The Partnership on AI Launches Multistakeholder Initiative To Enhance Machine Learning Transparency
Ongoing Effort To Shape, Test, and Propagate Best Practices
San Francisco, California, April 25, 2019 — The Partnership on AI (PAI) today announced an initiative to define best practices for transparency in machine learning (ML). This iterative multistakeholder initiative will produce best practices around the considerations, reflections, and documentation necessary to prompt a thoughtful process of creating and understanding ML systems that account for how the technology impacts all parties—including the public at large, differentially affected communities, policymakers, and users. This effort will be called “Annotation and Benchmarking on Understanding and Transparency of Machine learning Lifecycles”  (ABOUT ML). When organizations implement ABOUT ML best practices, the output will include documentation for use by internal ML decisionmakers,  external documentation similar to food nutrition labels or drug labels on pharmaceuticals, and a process that organization followed to improve the responsible development and fielding of AI technologies. Among other benefits of transparency, knowing how and on what data an ML system was trained and tested is essential for understanding the uses for which the system is and is not appropriate.
This initiative to improve the transparency of the ML lifecycle can only succeed if ABOUT ML incorporates and channels the concerns of a diverse set of perspectives. ML technology designed and built by a small number of organizations is increasingly impacting global populations. To that end, PAI will be convening its global membership in an open, inclusive process. The ABOUT ML initiative will also seek input from communities historically excluded from technology decision-making by following an adapted version of the University of Washington Tech Policy Lab’s Diverse Voices  process, as well as from stakeholders from academia, civil society organizations, and companies designing and deploying ML technology. PAI is committed to investing in this effort because of how crucial transparency of the ML lifecycle has become for AI policy and technical communities, as well as communities affected by the use of ML systems.
Modeled after iterative ongoing processes to design internet standards (such as W3C,  IETF,  WHATWG),  ABOUT ML will kick off with the publication of initial “draft v0” recommendations on ML lifecycle transparency this July, building on discussions and research in the community     and practice in the ML field. This will be followed by successive drafts which will allow PAI to respond to and reflect upon newly learned lessons in the rapidly developing field of ML and broader AI research. Once draft recommendations from participants begin to converge, PAI will encourage members to pilot and test them, adapted for their own contexts. The recommendations will become best practices only with a large body of evidence in support of their efficacy, which will take time to achieve.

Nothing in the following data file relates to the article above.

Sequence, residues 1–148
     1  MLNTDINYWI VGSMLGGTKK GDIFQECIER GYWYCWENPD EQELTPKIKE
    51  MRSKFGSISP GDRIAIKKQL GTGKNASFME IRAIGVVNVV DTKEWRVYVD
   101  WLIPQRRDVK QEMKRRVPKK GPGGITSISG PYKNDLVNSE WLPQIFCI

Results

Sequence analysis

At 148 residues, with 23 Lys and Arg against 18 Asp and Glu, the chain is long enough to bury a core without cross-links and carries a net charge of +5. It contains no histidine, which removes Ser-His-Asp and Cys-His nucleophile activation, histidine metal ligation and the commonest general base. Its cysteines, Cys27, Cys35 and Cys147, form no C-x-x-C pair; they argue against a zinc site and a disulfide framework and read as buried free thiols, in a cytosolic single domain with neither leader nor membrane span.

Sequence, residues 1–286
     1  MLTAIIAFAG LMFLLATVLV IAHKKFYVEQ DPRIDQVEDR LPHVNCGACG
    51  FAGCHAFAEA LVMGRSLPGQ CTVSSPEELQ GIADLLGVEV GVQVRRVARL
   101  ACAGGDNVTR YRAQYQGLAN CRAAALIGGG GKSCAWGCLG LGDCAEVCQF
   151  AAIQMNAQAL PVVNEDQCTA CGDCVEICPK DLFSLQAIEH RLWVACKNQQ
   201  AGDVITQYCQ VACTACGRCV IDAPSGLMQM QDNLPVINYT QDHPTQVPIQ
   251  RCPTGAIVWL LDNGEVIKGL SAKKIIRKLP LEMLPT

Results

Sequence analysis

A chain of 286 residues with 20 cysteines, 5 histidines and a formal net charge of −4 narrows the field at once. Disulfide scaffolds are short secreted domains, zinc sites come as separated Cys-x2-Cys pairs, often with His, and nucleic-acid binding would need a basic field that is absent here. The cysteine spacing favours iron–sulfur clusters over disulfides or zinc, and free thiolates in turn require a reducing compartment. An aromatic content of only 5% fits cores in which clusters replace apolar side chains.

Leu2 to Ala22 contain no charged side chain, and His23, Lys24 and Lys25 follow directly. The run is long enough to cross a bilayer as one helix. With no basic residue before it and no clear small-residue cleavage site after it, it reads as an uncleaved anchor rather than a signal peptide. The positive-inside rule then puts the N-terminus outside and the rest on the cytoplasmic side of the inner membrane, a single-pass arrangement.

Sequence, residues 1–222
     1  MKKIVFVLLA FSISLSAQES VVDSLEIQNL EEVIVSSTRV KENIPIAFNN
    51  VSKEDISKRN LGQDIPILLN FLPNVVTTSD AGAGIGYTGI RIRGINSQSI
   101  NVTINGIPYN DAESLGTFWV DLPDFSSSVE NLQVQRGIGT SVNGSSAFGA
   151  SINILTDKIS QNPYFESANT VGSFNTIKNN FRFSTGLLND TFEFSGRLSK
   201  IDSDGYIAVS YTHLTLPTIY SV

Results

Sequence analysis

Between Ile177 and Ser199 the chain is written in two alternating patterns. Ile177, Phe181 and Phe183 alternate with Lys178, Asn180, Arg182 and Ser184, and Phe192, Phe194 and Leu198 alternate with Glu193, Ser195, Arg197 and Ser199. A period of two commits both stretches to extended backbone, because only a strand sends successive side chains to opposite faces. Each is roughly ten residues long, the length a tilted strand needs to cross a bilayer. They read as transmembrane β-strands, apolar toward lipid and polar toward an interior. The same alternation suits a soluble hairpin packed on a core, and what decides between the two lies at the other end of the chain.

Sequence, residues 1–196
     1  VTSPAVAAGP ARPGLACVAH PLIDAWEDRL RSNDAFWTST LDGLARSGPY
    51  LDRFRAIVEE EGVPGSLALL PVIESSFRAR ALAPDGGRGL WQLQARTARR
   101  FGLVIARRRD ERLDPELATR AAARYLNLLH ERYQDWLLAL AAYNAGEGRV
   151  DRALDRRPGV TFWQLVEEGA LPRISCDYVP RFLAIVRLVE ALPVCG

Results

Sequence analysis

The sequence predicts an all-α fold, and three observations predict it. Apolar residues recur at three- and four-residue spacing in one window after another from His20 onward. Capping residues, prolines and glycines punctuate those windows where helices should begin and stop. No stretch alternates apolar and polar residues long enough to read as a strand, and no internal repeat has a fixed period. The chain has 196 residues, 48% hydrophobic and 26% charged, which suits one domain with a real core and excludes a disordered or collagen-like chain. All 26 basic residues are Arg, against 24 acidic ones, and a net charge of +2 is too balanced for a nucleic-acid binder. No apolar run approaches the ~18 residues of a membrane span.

“As AI makes rapid progress, we interact with increasingly intelligent machines. But machine learning systems, which lay at the heart of most modern AI applications, can fail in strange and unintuitive ways that humans are not well equipped to understand,” said Peter Eckersley, Director of Research at The Partnership on AI. “PAI is gathering many communities to establish clear guidelines on how to document training, evaluation, and benchmarking datasets and machine learning models—both to aid engineers and product leaders in their work and educate ourselves alongside the public around the topic of transparency in machine learning development.”
About The Partnership on AI
The Partnership on AI (PAI) is a global multistakeholder organization that brings together academics, researchers, civil society organizations, companies building and using AI technology, and other groups working to realize the promise of artificial intelligence. The Partnership was established to study and formulate best practices on AI technologies, to advance the public’s understanding of AI, and to serve as an open platform for discussion and engagement about AI and its influences on people and society. Today, PAI convenes more than 90 partner organizations from around the world to be a uniting force for the responsible development and fielding of AI technologies.
 “Machine learning lifecycle” comprises the stages of designing and building a decision making system that includes an ML model, usually including designing the ML system and specifications, data collection and characterization, building, training, and testing the ML model, testing the overall system, using the ML decision making system, and maintenance and feedback. For more information, see E. Horvitz, Reflections on the meaningful understanding of the logic of automated decision making, Privacy Law Forum, Berkeley Center for Law & Technology, March 2017.
 “Machine learning decision makers” are people whose decisions impact the structure and features of ML systems. These include engineers, engineering leadership, product leads, system architects, designers, and business teams.
 Technology Policy Lab, “Diverse Voices” https://techpolicylab.uw.edu/project/diverse-voices/
 World Wide Web Consortium Process Document https://www.w3.org/2019/Process-20190301/
 Internet Engineering Task Force standards process https://www.ietf.org/standards/process/
 Web Hypertext Application Technology Working Group https://whatwg.org/faq#process
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